Diseases are caused by bacteria, fungi, and viruses. These active organisms have a way of thwarting all gardeners from time to time. It's important to have a good understanding of diseases before you can efficiently send them packing—and get back to the joy of gardening. Let's get started!
Disease science 101Delivering water directly to the base of a plant keeps foliage dry and prevents disease development.
Bacteria are single-celled organisms that live on various kinds of organic matter. Unable to survive in the open, bacteria live inside plants and are transferred plant to plant by insects, water, and hands. Fungi are minute organisms that live on plants and cause visible symptoms. They spread most often via water, wind, and insects. Viruses are the smallest of disease vectors and the most difficult to control. Insects typically spread diseases, but some diseases are spread by seeds and tools.
Generally for a disease to occur, organisms must be transported to a susceptible host, such as a stressed plant. Ideal conditions (humid, dry, cloudy) make it possible for the disease to thrive.
Notorious diseasesLeaf spots cause concern but are rarely destructive.
Leaf spots are one of the most common symptoms of disease, whether caused by bacteria, fungi, or viruses. Other symptoms of disease include sudden wilting, ragged or curling leaves, deformed flowers or fruit, generally discolored or mottled foliage, and poor growth.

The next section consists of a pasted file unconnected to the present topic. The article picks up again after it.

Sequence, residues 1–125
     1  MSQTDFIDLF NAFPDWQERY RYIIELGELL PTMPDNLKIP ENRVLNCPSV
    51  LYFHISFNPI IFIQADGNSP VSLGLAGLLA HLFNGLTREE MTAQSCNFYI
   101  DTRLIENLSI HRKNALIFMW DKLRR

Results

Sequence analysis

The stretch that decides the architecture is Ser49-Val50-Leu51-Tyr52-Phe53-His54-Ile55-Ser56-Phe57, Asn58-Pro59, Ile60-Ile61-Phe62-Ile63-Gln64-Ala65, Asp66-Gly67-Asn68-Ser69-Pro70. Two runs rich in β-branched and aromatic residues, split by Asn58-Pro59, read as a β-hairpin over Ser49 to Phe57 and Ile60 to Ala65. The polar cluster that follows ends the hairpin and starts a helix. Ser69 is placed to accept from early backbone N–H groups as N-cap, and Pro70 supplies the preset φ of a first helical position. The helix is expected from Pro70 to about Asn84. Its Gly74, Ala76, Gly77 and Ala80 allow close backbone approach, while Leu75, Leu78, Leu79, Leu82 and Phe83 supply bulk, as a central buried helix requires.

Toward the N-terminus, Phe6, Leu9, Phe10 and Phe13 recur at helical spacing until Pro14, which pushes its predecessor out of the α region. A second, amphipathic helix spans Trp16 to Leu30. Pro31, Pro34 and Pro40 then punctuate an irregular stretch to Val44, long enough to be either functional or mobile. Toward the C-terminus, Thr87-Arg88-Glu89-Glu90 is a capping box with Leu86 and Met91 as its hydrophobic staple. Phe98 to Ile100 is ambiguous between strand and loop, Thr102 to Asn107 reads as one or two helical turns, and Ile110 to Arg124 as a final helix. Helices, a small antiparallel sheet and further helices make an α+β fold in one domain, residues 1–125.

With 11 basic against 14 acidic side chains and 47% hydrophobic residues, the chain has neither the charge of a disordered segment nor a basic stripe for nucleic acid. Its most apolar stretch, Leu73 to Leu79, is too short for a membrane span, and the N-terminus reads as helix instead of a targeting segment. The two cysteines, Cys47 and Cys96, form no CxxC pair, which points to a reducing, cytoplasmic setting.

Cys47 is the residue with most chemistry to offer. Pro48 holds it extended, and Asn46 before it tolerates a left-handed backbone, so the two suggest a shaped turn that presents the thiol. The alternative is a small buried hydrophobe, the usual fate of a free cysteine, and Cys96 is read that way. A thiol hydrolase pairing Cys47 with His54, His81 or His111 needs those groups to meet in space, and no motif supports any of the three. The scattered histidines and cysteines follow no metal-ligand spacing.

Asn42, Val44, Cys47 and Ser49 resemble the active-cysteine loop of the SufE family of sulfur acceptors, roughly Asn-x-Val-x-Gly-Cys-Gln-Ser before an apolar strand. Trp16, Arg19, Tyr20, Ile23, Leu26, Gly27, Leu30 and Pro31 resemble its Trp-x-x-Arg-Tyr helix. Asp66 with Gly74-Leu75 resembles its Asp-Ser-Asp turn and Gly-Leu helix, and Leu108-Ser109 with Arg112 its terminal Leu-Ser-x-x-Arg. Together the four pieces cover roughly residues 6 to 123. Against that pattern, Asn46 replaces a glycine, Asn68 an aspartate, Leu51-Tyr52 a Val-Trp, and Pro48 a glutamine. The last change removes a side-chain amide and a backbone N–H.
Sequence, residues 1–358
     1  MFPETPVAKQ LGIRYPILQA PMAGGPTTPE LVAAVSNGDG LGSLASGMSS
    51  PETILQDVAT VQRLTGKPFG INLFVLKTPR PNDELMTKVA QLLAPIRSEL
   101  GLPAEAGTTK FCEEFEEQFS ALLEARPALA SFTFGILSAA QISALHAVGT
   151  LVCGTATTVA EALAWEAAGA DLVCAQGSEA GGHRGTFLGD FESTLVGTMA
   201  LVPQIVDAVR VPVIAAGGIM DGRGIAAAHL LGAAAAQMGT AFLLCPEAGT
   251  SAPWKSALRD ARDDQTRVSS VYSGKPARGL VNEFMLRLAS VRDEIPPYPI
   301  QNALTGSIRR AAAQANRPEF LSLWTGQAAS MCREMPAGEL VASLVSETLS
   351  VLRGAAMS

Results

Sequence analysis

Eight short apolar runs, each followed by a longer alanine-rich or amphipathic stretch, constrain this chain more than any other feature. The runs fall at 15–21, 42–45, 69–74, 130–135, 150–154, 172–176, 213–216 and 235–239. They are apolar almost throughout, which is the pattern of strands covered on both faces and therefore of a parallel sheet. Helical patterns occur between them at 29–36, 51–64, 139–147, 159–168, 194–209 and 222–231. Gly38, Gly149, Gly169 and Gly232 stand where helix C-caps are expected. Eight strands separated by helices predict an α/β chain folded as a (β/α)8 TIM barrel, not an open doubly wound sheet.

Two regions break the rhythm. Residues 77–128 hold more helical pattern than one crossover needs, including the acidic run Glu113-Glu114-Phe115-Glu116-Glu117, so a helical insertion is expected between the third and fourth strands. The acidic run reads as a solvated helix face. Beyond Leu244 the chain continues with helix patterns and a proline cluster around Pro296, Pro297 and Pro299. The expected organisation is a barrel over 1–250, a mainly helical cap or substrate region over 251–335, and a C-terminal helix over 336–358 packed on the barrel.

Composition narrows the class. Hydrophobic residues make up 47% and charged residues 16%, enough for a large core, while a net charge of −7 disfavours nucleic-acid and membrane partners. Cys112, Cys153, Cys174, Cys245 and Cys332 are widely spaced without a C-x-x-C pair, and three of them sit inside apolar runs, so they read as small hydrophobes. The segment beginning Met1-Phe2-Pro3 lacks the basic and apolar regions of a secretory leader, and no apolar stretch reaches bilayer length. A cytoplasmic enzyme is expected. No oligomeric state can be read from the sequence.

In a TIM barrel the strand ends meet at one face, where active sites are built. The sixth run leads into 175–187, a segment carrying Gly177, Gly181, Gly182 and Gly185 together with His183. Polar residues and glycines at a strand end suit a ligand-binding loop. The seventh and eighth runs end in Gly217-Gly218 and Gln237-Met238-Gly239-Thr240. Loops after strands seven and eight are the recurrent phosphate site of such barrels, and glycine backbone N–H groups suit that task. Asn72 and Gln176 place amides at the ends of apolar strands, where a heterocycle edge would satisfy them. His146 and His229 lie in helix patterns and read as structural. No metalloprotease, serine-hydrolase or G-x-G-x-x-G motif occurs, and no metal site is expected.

Black spotBlack spot
Especially common on roses, the fungal disease causes dark splotches on leaves and leaf drop. Black spot grows rapidly during extended periods of wet weather. Provide good air circulation around plants to encourage foliage to dry quickly. Also, when watering plants deliver water to the base of the plant, keeping the foliage as dry as possible.
Rose rosetteRose rosette
This viral disease spreads by a minuscule mite. It cannot be prevented or cured. The best course of action is to remove infected plants. Symptoms include thick, reddish new stems that have many times the normal number of thorns. There is often a large flush of growth at the end of the infected stems.
Prevention is key
Prevention is the best defense against pathogens. Above all, start with disease-resistant plant varieties and practice garden hygiene. A disease-prevention strategy includes these:
- Site plants far enough apart to allow air circulation.
- Manage susceptible plants, growing them in the recommended amount of sun, keep them well watered, and don't over- or underfertilize.
- Spray healthy leaves of susceptible plants with a homemade fungicide made by combining 1 teaspoon of baking soda and 1 teaspoon of horticultural oil in a quart of water.
- Remove and trash affect plant parts.